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White House rates Ohio State in medium range for affordability

The cost of attending Ohio State is in the medium range compared to similar institutions according to the White House’s new college affordability website.
The average net price for undergraduate in-state students at OSU was $19,082 during the 2010-2011 school year, according to the College Affordability and Transparency Center’s website, which is part of President Barack Obama’s plan to make college more affordable. The cost details the total debt incurred and does not include grants or scholarships.
During the same time frame, the University of Michigan had a net cost of $14,074, the University of Wisconsin-Madison was at $14,940 and the University of Iowa was priced at $14,245.
“Colleges must do their part to keep costs down,” Obama said in his State of the Union address on Feb. 12. “It’s a simple fact: The more education you have, the more likely you are to have a job and work your way into the middle class. But today, skyrocketing costs price way too many young people out of a higher education, or saddle them with unsustainable debt.”
Obama announced a new program to rate colleges on affordability in his address. The College Affordability and Transparency Center’s College Scorecard aims to help parents and students make educated decisions about college costs.
“The college scorecard looks like a nifty device,” said Eric MacGilvray, an OSU associate professor in political science. “(It’s) one stop for comparing college affordability and performance when (parents and students) look toward schools.”
MacGilvray said college affordability is a serious concern.
“College costs and higher tuition costs have been rising for a long time, and they’re very high. Many people believe that people are going to be priced out of higher ed,” he said.
OSU President E. Gordon Gee announced a proposal last week to freeze undergraduate tuition rates for in-state students for the 2013-2014 academic year. If the proposal is approved, OSU tuition for in-state residents will remain at $10,036.80 next year.
The interactive program on the College Affordability and Transparency Center’s website offers information in five categories: costs, graduation rate, loan default rate, median borrowing and employment after graduation. Students can also search for colleges by location, type of college or area of interest.
These categories fit with many of the same criteria that OSU students sought when looking for a college.
Brad Lewis, a first-year in biomedical engineering, placed an emphasis on academic programs and location when he made a decision between the University of Pittsburgh and OSU.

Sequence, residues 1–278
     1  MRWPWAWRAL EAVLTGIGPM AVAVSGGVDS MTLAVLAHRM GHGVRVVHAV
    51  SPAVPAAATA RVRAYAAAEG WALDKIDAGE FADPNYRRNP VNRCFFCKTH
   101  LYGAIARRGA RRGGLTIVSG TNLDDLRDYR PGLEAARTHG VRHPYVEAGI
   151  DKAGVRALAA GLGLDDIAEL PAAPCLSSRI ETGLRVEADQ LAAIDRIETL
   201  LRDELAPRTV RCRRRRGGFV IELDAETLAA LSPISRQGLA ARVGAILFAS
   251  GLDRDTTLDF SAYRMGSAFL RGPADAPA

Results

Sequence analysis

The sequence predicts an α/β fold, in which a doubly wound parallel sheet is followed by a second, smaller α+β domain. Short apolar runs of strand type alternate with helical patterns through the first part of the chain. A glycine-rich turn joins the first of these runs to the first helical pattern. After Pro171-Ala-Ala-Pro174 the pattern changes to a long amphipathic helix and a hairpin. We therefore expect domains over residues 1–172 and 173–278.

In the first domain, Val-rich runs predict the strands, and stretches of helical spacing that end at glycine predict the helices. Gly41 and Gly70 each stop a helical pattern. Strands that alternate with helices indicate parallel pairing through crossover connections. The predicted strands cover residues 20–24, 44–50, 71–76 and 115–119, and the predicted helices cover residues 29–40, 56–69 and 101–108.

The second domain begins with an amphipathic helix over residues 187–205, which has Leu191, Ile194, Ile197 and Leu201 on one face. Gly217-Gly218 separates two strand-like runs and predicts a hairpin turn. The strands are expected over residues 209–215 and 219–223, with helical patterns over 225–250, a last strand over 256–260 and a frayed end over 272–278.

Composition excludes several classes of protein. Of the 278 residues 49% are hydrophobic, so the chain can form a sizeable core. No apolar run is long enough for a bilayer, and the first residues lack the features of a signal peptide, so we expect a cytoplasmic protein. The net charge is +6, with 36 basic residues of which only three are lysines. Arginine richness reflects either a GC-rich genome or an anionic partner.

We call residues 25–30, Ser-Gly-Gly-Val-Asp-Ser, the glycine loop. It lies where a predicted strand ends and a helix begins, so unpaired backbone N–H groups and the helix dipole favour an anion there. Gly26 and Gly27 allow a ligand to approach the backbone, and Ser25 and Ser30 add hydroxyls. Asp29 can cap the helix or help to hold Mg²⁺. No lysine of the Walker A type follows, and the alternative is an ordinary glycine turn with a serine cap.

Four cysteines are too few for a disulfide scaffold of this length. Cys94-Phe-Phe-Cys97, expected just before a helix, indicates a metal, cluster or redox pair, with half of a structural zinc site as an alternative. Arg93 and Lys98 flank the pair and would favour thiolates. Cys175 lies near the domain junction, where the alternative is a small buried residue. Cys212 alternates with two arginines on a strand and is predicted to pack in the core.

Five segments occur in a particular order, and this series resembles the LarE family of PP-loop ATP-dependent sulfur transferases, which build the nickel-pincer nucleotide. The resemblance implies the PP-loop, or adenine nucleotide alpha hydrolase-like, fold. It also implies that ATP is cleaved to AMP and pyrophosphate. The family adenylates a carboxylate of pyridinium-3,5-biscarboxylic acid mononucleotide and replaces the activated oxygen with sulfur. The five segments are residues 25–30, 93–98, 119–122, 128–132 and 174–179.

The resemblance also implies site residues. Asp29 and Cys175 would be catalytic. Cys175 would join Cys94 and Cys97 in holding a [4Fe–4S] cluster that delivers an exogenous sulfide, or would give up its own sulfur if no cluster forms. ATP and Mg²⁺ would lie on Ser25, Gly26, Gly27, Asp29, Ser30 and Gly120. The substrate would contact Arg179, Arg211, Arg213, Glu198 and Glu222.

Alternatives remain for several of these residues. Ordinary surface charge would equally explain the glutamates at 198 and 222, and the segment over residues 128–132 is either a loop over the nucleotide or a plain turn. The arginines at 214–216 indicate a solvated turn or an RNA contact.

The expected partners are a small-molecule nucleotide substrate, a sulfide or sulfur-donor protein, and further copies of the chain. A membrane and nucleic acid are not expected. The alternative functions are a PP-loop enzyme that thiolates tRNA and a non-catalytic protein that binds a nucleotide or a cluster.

“I’m from Ohio so in-state (tuition) was a big deal,” Lewis said. “I know I wanted to do biomedical engineering so I looked at their programs and how competitive they were.”
Haley Sylvester, a first-year in accounting, cited several criteria she considered when selecting a college. Sylvester found information online when she was searching for a college.
“I pretty much strictly went to academics and I wanted a big school,” Sylvester said. “I didn’t want to go out of state and I decided OSU was a really well-known school.”
Some students said the college scorecard program does not contain new information and is similar to programs that already exist.
“If you want to argue that (the college scorecard) will increase competition, that would make sense, but there’s not new information,” said Sam Zuidema, second-year in history and political science and chairman of the OSU College Republicans. “I’m not sure how this is going to affect college affordability at all which is a real issue.”
Zuidema said there are other ways higher education issues could be resolved.
“I’m naturally inclined to think about how we solve problems on a state level. If our goal is to help people apply for colleges and decide what college they want to attend, I think the best way to do that would be on a state level by helping students through their high school,” Zuidema said.
According to the White House College Scorecard, OSU has a graduation rate with about 79.9 percent of students graduating.
According to data from fiscal year 2009, the loan default for OSU is 5.6 percent, which is lower than the national average of 13.4 percent.
OSU students typically borrow about $213 a month, which falls in a medium range of borrowing, the site said. Information was not provided yet on employment after graduation.
“I think OSU will do well (on the college scorecard). OSU as a university comes as at an affordable price,” MacGilvray said. “The question is if people will make use of it.”

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